Overweight Horse? - Here are some tips to trim down
Dr. Corey Paradine, a local veterinarian here in northeast Ohio speaks to Big Dee's about horses with a little extra girth. Overweight horses are at a greater risk for developing major health issues, so it's important to keep a close eye on their condition and adjust their routine or diet as needed for the best quality of life.
The Over-fed Horse There are a lot of fat horses these days, and it’s a problem. A serious problem. A problem that is so widespread that peoples’ assessment of normal is becoming skewed – often what most consider to be normal is actually obese, and what is actually healthy is often seen as too lean. Horses are not exempt from health risks associated with obesity – insulin resistance, for example, is a common weight-related disease. Insulin resistance is a disease in which the bodies’ insulin receptors become increasingly resistant to insulin, and as such the body must increase the levels of insulin to achieve the desired effect – mainly, affecting glucose uptake by cells. Think of it as Type 2 diabetes in people – not exactly the same disease but a similar concept. Inappropriately large body size also increases the stress on many joints and ligaments – in other words, increases the “wear and tear” on them by having to carry more weight than they should every minute of every day as well as increasing their load during performance.
So your horse is fat – now what? Diet and exercise. Calories IN must be less than calories OUT in order to shed pounds. Grain should be cut first when starting to decrease feed. Many horses, especially the easy keepers, do not need grain in their diet. The horses’ digestive tract is made to digest forages, not grains, and unless the grain is needed to meet energy requirements (often high performing horses, like racehorses, eventers, barrel horses), it’s unnecessary. That being said, a diet of hay or grass alone is not considered to be a balanced diet, and while a lot of horses do not need grain they should be fed a diet balancer (most major feed companies make one) to provide vitamins and minerals that forage alone does not.
Here are some great products that may help you get started with changes your overweight horse's diet:
- Diet balancers, necessary for horses receiving very little or no grain:
- Forage extenders, adds roughage:
- Standlee Premium Timothy Grass Pellets, Tribute Forage Extender Cube, Hydration Hay, Standlee Premium Alfalfa Timothy Cubes
Low calorie, a good intermediate step for horses who need small amounts of grain:
- Hay Nets to extend feeding time and keep horses occupied longer
- Click here to shop general vitamin & mineral supplements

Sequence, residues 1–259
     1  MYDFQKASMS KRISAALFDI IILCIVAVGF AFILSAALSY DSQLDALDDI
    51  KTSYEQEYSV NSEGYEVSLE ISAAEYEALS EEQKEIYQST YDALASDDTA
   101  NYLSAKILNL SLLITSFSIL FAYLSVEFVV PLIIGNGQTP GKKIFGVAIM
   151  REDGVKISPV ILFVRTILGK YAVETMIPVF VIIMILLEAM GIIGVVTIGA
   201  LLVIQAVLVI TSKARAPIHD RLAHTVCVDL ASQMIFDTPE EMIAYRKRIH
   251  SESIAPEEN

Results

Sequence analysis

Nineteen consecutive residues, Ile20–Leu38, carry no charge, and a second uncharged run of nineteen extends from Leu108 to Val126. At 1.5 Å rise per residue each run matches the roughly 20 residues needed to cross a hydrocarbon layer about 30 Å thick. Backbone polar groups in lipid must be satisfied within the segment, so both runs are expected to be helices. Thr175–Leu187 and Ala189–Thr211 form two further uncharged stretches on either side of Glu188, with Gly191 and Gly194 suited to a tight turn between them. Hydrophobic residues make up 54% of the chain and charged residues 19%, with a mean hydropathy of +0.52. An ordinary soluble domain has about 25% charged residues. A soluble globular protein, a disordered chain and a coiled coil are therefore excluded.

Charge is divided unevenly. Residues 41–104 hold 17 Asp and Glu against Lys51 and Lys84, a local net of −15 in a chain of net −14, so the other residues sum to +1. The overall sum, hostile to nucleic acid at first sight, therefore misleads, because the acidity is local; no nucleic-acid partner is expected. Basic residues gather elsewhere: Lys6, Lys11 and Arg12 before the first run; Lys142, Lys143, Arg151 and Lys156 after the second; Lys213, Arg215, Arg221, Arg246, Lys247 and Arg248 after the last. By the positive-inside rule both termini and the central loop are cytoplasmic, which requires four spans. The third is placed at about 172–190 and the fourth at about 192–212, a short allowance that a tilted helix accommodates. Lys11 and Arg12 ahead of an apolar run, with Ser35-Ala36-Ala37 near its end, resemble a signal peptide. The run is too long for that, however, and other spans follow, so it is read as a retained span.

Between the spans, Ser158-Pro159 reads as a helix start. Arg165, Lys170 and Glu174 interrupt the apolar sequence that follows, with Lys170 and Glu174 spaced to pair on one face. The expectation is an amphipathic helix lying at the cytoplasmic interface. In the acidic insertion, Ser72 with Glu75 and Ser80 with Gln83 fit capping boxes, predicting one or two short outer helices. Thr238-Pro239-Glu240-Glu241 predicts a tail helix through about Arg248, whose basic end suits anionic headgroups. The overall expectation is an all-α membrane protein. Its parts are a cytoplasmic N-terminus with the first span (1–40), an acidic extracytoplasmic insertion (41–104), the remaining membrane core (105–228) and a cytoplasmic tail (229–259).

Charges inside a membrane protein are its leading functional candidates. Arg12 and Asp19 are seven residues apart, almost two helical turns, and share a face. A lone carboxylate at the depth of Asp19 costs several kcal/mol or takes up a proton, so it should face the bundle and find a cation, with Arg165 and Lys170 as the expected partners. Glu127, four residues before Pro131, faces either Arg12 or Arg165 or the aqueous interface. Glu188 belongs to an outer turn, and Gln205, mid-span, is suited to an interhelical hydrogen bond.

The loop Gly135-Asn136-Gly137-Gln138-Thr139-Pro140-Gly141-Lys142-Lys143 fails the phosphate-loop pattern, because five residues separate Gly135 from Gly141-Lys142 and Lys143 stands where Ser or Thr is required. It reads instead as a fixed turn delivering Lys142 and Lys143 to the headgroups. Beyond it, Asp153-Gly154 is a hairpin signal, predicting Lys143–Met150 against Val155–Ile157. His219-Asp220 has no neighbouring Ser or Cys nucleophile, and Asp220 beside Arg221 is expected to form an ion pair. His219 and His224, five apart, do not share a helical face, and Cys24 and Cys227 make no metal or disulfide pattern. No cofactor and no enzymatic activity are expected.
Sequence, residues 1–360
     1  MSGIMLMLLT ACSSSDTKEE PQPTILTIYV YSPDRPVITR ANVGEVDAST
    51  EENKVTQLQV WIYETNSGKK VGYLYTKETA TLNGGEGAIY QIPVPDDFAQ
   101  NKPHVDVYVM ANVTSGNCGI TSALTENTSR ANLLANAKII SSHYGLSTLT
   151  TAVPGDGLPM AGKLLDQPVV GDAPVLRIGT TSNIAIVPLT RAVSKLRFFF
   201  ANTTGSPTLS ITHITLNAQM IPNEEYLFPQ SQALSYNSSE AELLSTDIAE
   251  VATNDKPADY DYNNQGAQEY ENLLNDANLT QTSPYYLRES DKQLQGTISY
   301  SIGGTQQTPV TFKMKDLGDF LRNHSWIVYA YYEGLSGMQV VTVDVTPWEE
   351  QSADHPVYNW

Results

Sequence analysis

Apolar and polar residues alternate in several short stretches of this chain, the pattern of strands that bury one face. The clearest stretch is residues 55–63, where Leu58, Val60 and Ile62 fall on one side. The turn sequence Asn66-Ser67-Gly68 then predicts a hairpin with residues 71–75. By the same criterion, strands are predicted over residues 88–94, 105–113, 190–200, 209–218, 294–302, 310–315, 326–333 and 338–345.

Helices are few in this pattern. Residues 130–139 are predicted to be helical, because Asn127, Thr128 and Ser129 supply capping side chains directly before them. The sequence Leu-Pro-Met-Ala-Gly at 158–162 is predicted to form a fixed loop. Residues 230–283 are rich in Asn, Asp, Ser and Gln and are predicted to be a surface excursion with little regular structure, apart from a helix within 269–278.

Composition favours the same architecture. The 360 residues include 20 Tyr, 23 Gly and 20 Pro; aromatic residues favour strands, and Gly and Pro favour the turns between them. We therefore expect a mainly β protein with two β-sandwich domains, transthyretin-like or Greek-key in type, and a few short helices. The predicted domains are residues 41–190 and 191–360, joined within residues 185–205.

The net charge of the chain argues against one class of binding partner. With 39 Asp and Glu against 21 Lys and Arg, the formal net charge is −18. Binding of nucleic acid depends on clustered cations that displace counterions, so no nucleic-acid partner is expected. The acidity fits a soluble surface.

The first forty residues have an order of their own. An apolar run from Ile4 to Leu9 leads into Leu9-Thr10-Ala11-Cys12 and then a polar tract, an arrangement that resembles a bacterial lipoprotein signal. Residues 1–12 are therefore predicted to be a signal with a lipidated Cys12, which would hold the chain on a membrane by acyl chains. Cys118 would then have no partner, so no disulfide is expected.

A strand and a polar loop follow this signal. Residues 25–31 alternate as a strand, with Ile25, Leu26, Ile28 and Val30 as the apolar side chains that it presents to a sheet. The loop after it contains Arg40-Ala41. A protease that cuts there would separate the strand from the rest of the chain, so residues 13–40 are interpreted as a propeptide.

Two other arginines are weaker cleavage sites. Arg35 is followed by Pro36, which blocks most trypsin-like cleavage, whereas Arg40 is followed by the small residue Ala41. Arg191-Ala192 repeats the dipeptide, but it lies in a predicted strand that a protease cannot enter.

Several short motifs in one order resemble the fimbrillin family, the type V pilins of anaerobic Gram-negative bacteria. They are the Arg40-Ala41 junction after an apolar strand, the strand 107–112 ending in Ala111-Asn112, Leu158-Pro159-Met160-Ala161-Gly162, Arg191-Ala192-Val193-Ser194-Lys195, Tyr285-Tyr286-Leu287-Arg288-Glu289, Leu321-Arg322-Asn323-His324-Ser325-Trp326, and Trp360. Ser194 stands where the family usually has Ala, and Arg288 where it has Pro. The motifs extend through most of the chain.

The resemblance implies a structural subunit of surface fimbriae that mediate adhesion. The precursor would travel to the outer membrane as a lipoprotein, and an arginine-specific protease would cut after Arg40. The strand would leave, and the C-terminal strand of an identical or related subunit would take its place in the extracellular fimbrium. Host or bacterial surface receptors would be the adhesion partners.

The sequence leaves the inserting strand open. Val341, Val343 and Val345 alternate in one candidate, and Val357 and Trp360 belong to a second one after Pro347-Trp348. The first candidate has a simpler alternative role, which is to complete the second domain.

Weight tapes are useful to help gauge weight loss – I recommend using a weight tape every couple weeks and keeping a log of the number. It can be very useful to chart trends in your horses’ weight. It’s important to be consistent in your placement of the tape as you can create false “gains” or “losses” by inconsistent placement and tension on the tape. The tape is most accurate when placed in the girth area, just behind the elbows and over the withers.
Weight loss is not always easy. There is considerable evidence that there are genetic factors that contribute to a propensity for weight gain and even insulin resistance. It takes time and persistence and often a complete lifestyle/management change to achieve and maintain significant weight loss in many of these horses. Products like slow-feeder hay nets are helpful for horses on strict diets as they slow feed intake and make the limited amount of hay last longer for the horse. Another key component to feeding is weighing feed (both grains/diet balancers and forages) as horses should be fed by weight (so many pounds of hay per day, so many pounds of grain or diet balancer per day – recommended amounts depend on the individual) rather than volume (flakes, scoops, coffee cans).
In some extreme cases, your horse could be suffering from a metabolic condition that may be treatable with targeted supplements. This can only be properly diagnosed through a vet, but you can always research these particular supplements and talk to your vet about which one may be right for your horse. Click here to shop our wide range of metabolic supplements.
Your veterinarian can provide some guidance for your individual horse, and it may be beneficial to contact a feed representative or nutritionist as well.
Disclaimer: This seminar was given at Big Dee's Anniversary Event. All content provided by Dr. Paradine on Big Dee's site is for informational purposes only. Big Dee's will not be liable for any losses, injuries, or damages from the display or use of this information.